Work with the Sun for a clear future

The sun has produced energy for billions of years. Solar energy is the sun's rays (solar radiation) that reach the earth. This energy can be converted into heat and electricity.

Solar energy can be used for heat and electricity

When converted to thermal energy, solar energy can be used to heat water for use in homes, buildings, or swimming pools; to heat spaces inside homes, greenhouses, and other buildings; and to heat fluids to high temperatures to operate a turbine to generate electricitySolar energy can be converted to electricity in two ways:

• Photovoltaic (PV devices) or solar cells change sunlight directly into electricity. Individual PV cells are grouped into panels and arrays of panels that can be used in a wide variety of applications ranging from single small cells that charge calculator and watch batteries, to systems that power single homes, to large power plants covering many acres.

• Solar thermal/electric power plants generate electricity by concentrating solar energy to heat a fluid and produce steam that is then used to power a generator.

There are two main benefits of solar energy:

• Solar energy systems do not produce air pollutants or carbon dioxide.

• When located on buildings, solar energy systems have minimal impact on the environment.


There are two main limitations of solar energy:

• The amount of sunlight that arrives at the earth's surface is not constant. It varies depending on location, time of day, time of year, and weather conditions.

• Because the sun doesn't deliver that much energy to any one place at any one time, a large surface area is required to collect the energy at a useful rate.

• Solar energy is sunshine

The amount of solar energy that the earth receives each day is many times greater than the total amount of energy consumed around the world. However, solar energy is a variable and intermittent energy source. The amount and intensity of sunlight varies by location, and weather and climate conditions affect its availability on a daily and seasonal basis. The type and size of a solar energy collection and conversion system determines how much of available solar energy can be converted to useful energy.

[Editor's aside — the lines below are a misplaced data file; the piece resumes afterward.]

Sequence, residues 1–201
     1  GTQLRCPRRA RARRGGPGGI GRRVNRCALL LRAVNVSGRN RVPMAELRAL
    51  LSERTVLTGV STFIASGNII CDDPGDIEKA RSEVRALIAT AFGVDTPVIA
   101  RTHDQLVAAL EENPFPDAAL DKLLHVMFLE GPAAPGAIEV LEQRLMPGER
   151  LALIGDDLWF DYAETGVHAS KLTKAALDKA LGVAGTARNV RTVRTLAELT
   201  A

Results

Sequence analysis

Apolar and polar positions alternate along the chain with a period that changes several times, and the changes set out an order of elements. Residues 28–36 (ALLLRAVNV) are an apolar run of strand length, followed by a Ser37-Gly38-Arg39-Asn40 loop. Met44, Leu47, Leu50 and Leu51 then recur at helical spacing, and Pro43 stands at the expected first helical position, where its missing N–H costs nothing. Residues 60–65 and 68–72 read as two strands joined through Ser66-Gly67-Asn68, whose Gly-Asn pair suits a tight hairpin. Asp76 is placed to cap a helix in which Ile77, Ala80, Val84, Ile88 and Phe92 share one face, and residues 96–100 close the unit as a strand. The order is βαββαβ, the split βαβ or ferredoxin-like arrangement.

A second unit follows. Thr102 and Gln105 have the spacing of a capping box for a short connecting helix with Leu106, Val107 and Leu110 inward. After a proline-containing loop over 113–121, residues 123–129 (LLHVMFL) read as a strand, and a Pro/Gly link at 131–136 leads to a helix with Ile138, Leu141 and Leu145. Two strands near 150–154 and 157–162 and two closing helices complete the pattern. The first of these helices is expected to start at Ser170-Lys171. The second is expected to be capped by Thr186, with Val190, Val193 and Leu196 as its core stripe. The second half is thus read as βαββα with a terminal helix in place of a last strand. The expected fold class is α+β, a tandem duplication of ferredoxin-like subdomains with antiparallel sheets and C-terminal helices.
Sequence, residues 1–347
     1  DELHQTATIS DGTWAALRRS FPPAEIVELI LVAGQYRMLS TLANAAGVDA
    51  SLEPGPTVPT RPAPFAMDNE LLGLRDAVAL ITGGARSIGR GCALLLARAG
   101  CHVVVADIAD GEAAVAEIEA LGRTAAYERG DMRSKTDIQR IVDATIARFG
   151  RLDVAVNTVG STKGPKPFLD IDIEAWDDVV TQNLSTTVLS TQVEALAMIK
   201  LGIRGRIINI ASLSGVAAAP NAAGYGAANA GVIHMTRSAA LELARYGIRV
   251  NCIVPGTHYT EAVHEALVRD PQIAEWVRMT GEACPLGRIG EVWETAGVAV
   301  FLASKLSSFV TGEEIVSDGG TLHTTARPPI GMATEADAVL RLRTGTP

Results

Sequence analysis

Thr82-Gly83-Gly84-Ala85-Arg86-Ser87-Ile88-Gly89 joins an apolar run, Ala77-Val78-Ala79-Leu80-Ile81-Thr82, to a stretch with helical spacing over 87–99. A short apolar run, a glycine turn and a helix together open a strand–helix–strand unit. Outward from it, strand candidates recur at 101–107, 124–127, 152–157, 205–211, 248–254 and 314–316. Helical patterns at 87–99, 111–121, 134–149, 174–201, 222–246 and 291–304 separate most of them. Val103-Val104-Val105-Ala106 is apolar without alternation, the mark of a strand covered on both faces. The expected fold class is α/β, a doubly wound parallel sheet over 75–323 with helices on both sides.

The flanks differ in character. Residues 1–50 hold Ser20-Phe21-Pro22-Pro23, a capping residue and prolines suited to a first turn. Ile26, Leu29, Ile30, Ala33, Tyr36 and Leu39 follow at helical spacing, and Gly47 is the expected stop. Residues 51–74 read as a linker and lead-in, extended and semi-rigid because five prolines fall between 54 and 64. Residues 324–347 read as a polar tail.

Concentrating collectors

Concentrating solar power technologies use mirrors to reflect and concentrate sunlight onto receivers that collect solar energy and convert it to heat. This thermal energy can then be used to produce high temperature heat or electricity via a steam turbine or heat engine driving a generator.


Photovoltaic systems

Photovoltaic cells (PV) convert sunlight directly into electricity. Photovoltaic systems can range from those that provide tiny amounts of power for watches and calculators up to those that provide the amount used by hundreds of homes.

Hundreds of thousands of houses and buildings around the world have PV systems on their roofs. Many multi-megawatt (MW) PV power plants have also been built. Covering 4% of the world's desert areas with photovoltaics could supply the equivalent of all of the world's electricity. The Gobi Desert alone could supply almost all of the world's total electricity demand.

AXA Solar Energy  is a member of AXA Power Energy Group and was incorporated in 2009.


The first solar park entered into operation in 2009, with an installed capacity of 250 Kwp. In the following years, the installed capacity of our solar parks increased rapidly as we continued to expand our solar park portfolio in Greece.


In 2010, we began exploring opportunities in RES markets abroad, identifying suitable sites for solar projects principally in the Balkans.



 In 2011 we have make 13,4 Mwp and under construction 85,2 Mwp for the next 2 years.



In 2012 we compleet under to 28,7 Mwp and continue to make for next time 166,24 Mwp.



Since 2013 AXA Solar Energy  has been operating solar parks in Bulgaria and Romania. We have finished 44,67 Mwp and under construction 356,59 Mwp in Greece, Balkan and Africa.